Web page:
The estimate can be refined by re-evaluating the filter around the new estimatedstate operating point. This refinement procedure can be iterated until littleextra improvement is obtained - called the IEKF.

32

C++ Software LibraryMatrix class - operators overloaded including:

+ * / ~(transpose) =, +=, -=, *=

() for accessing elements,

|| && vertical and horizontal composition,

<< >> input output with automatic formatting

inverse, determinant, index range checking, begin at 1 (not 0!), complexnumbers can be used, noise sources, iterative root finding

Constant matrices, Eye, Zeros etc

33

Kalman filtering classes, for defining and implementing KF, EKF and IEKF

-allows numerical checking of Jacobian functions

Software source is available to collaborators for non-commercial use providedappropriately acknowledged in any publication. Standard disclaimers apply!

contact [email protected]

34

Further ReadingBar-Shalom and Xiao-Rong Li, Estimation and Tracking: Principles,Techniques and Software, Artech House Boston, 1993.

Jazwinski, A. H. . Stochastic Processes and Filtering Theory. New York,Academic Press, 1970.

Bozic, S M, Digital and Kalman Filtering, Edward Arnold, London 1979.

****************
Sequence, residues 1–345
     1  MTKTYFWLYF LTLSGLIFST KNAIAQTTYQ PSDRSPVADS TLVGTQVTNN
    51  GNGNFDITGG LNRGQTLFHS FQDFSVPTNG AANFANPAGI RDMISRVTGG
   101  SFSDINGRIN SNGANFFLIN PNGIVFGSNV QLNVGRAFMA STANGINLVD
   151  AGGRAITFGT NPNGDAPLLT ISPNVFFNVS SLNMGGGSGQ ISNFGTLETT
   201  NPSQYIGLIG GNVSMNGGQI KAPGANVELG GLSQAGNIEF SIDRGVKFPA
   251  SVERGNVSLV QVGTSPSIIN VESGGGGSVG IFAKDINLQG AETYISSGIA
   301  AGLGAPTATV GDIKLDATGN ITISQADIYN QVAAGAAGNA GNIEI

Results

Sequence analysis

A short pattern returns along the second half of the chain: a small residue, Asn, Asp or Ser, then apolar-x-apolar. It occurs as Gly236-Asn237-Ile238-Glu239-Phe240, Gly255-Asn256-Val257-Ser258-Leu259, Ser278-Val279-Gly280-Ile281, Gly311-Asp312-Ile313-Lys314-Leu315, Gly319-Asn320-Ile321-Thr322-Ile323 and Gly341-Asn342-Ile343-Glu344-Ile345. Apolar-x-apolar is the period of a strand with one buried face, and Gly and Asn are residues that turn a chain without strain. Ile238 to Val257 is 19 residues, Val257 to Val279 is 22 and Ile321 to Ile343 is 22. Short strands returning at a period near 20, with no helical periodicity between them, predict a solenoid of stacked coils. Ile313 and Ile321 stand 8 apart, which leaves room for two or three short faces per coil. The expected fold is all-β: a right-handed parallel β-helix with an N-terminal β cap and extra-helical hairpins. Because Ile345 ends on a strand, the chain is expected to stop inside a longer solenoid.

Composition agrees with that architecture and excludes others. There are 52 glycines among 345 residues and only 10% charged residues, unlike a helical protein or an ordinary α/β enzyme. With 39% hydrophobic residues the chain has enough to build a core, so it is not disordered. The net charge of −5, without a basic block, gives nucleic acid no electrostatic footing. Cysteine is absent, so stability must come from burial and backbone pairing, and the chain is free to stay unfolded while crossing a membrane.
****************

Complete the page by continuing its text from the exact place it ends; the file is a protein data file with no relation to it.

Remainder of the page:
Maybeck, P. S. “The Kalman filter: An introduction to concepts.” AutonomousRobot Vehicles. I. J. Cox and G. T. Wilfong. New York, Springer-Verlag: 194-204, 1990.

35

Odometry Error Covariance Estimation for TwoWheel Robot Vehicles (Technical Report MECSE-95-1, 1995)

A closed form error covariance matrix is developed for(i) straight lines and(ii) constant curvature arcs(iii) turning about the centre of axle of the robot.

Other paths can be composed of short segments of constant curvature arcs.

Assumes wheel distance measurement errors are zero mean white noise.

Previous work incrementally updates covariance matrix in small times steps.

36

Our approach integrates noise over the entire path for a closed form errorcovariance - more efficient and accurate

37

Scanned Monocular Sonar SensingSmall ARC project 1995 - aims:

• To investigate a scanned monocular ultrasonic sensor capable of high speedmultiple object range and bearing estimation.

• Deploy the sensor in these robotic applications:• obstacle avoidance,• doorway traversal and docking operations,• localisation and mapping.